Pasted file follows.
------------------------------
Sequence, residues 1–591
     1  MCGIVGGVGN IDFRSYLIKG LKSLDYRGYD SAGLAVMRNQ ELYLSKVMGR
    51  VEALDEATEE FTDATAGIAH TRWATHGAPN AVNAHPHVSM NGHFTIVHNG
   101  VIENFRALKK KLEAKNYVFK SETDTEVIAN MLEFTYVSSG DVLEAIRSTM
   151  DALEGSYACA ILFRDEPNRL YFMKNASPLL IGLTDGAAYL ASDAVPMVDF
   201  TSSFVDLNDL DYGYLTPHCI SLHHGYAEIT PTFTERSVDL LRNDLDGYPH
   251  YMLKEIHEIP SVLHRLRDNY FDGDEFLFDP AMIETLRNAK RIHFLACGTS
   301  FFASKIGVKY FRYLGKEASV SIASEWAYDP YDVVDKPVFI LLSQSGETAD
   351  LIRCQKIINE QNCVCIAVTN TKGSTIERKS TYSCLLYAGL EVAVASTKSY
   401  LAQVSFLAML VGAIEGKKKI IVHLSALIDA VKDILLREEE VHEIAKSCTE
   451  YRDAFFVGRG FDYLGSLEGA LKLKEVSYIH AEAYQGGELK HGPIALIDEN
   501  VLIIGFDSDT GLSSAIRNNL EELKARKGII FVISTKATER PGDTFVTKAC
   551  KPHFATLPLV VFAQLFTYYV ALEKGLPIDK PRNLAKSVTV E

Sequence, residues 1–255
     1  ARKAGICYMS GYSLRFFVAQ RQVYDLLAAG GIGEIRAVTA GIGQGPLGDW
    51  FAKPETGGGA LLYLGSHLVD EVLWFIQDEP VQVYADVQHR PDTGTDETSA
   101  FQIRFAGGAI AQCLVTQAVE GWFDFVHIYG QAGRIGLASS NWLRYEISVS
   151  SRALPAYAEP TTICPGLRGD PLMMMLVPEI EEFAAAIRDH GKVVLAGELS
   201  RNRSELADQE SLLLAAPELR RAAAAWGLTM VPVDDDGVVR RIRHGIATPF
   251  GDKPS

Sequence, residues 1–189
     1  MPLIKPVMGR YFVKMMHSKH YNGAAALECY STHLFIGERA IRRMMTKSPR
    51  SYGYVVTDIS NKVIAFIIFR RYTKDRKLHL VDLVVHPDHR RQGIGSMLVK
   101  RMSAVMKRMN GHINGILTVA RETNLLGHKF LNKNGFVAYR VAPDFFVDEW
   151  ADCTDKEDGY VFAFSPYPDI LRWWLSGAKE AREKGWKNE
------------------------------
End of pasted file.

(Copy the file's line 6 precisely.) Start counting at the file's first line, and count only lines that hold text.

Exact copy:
   201  TSSFVDLNDL DYGYLTPHCI SLHHGYAEIT PTFTERSVDL LRNDLDGYPH